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Old 04-20-2015, 12:19 AM   #1
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Replacing Starting Batteries with Deep Cycles

Pretty obvious what I want to talk about here.

My bus has two separate electrical systems:

12V chassis/starting system running my interior 12v lighting, the water pump, and a couple small fans. This is charged off a 100 Watt (might be upgraded 225 watt) solar panel.

and

24V house system running my 120V stuff charged off 1200 watts of panels

The starting batteries in my bus are in great shape and less than a year old. But I am considering swapping them out for either two or three deep-cycle lead-acid batteries since now I use them as storage for my 12v system and stuff.

I dont think I will have any problems, but I'm just wondering what everyone thinks about using 2 or three deep cycle batteries for the 12v side on my bus, including the duties of starting the engine.... I dont think I'll have a hard time getting enough amps out of a couple t105's (6V) or 3 T-1275 (12V)....

Its not like im tryna crank a Detroit at -15 in the snow for a few minutes.

I've used and seen used many single-battery equipped DT466's that start just fine.

What are you guys using for your 12V setups?
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Old 04-20-2015, 06:43 AM   #2
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i know they make a 12v marine deep cycle/ starting battery. not sure if a deep cycle battery would turn it over, or if it would hurt the batteries. since there new what about adding 1 or 2 more of the same type, 100 watts is plenty to keep them charged
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Old 04-20-2015, 10:17 AM   #3
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Quote:
Originally Posted by charles_m View Post
The starting batteries in my bus are in great shape and less than a year old. But I am considering swapping them out for either two or three deep-cycle lead-acid batteries since now I use them as storage for my 12v system and stuff.
I'd be very surprised to see 2x T105s turn over a big 6 cylinder diesel engine. If they were able to turn it, I wouldn't expect them to do the job for long due to the voltage drop.

I killed the battery in our Subaru Legacy last summer and, luckily, had a fully charged 12v deep-cycle battery in the back of the car. I used the jumper cables to connect the starter battery to the deep cycle battery, left them for 10 minutes and tried to crank the car. Just a click. It didn't turn over at all. After leaving it for 30 minutes it had transferred enough to the starter battery to crank the engine. That was a 2.2l gas engine. The starter for a diesel will pull many times the amps to get the engine spinning.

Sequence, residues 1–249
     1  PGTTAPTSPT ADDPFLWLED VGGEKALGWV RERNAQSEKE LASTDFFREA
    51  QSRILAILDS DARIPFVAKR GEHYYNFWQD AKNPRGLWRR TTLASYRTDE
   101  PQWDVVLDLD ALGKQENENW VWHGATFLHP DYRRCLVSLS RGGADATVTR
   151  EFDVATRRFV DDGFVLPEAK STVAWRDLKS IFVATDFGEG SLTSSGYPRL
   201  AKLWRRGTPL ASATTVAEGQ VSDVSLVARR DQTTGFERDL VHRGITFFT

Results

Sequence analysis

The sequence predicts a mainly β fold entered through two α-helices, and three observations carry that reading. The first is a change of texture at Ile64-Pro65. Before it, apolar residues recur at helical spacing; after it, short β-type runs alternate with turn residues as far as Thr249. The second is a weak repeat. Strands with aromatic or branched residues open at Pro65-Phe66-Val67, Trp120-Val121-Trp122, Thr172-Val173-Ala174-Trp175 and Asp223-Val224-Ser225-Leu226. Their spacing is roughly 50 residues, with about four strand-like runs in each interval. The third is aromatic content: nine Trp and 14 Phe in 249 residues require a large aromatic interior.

Similarly, I have boosted the bus engine twice by connecting the house batteries to the starter batteries, letting it sit for 15-20 minutes then turning the engine over. That works just fine.

Do you have the specs for the batteries you intend to use? Perhaps there is a listed maximum amp draw. I would guess that you'd need a burst of 300-400 amps to get the starter spinning.
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Old 04-20-2015, 02:54 PM   #4
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Maybe Ill keep my two starting batteries on their own branch and use a couple deep cycle batteries when Im parked and then tie into the starting batteries to start and drive.

I am finding myself using the 12v lights and accessories more than I thought but my main solar bank is 24v. I like tge idea of having the redundancy of two independent systems.
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Old 04-20-2015, 05:02 PM   #5
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I'd be very surprised to see 2x T105s turn over a big 6 cylinder diesel engine. If they were able to turn it, I wouldn't expect them to do the job for long due to the voltage drop.
.
Trojan T105's are "rated" at 1000 amps. I think that by rated they mean at what point the battery will self destruct. The minimum would be 4 t195's if you value your batteries.

I think that you would be better off using 3 mid range 12 volt deep cycles. Not quite Trojans but a step above Walmart.

Or even better, leave your starting bank and add a separate 12 volt aux. bank.
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Old 04-20-2015, 05:31 PM   #6
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Quote:
Originally Posted by charles_m View Post
Maybe Ill keep my two starting batteries on their own branch and use a couple deep cycle batteries when Im parked and then tie into the starting batteries to start and drive.

I am finding myself using the 12v lights and accessories more than I thought but my main solar bank is 24v. I like tge idea of having the redundancy of two independent systems.
Somehow I missed earlier that 12v loads vs 24v house battery seems to be the main problem. If you haven't already, maybe you could consider a dc-dc converter to step the 24v house batteries down to 12v for your various loads. Not knowing anything about just how much load we're talking... here are several options that are comparable to the cost of one deep cycle battery. I don't know whether I'll use any of those, exactly, but this is the direction I'll be headed when I'm ready to sink money into batteries for mine (24v or 48v battery bank with step-down converter(s) as needed).

By the way, some of those converters can actually be used as a battery charger, too -- you could wire one of these from the 24v system to the 12v system so that energy from the big solar array is fed to keep the 12v batteries charged too.
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